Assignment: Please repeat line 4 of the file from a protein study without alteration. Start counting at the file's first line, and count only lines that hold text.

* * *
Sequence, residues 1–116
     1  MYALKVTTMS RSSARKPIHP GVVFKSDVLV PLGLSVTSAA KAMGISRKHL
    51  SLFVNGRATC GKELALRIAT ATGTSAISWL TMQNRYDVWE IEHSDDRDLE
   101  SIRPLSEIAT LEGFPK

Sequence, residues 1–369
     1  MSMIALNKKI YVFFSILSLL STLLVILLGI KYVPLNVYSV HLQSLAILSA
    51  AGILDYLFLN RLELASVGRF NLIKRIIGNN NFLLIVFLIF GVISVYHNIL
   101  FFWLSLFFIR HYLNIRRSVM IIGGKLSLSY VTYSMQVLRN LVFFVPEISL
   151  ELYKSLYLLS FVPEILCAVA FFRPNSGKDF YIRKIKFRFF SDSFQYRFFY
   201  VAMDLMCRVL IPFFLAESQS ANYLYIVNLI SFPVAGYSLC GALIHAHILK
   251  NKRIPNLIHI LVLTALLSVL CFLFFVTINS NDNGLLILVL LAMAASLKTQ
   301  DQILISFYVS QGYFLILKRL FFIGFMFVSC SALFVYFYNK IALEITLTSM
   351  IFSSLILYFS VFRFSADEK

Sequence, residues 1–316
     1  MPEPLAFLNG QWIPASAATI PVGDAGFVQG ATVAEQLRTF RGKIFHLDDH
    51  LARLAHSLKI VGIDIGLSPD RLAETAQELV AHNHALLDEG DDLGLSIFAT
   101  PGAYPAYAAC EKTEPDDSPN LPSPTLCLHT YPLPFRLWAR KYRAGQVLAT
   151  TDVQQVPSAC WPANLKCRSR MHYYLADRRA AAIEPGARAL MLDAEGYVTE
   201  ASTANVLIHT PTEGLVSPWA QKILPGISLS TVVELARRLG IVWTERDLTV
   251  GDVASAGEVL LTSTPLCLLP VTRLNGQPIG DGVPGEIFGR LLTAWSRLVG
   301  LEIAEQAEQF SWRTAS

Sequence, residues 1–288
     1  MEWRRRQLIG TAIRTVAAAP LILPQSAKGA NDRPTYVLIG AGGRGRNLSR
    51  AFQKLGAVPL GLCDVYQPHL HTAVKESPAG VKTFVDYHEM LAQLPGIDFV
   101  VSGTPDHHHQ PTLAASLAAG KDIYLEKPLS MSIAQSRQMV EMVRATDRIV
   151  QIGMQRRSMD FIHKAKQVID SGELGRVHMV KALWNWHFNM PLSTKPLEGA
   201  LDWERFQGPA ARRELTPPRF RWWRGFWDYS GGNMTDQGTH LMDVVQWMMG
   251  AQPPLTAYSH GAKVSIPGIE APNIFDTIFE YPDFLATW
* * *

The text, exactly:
   101  SIRPLSEIAT LEGFPK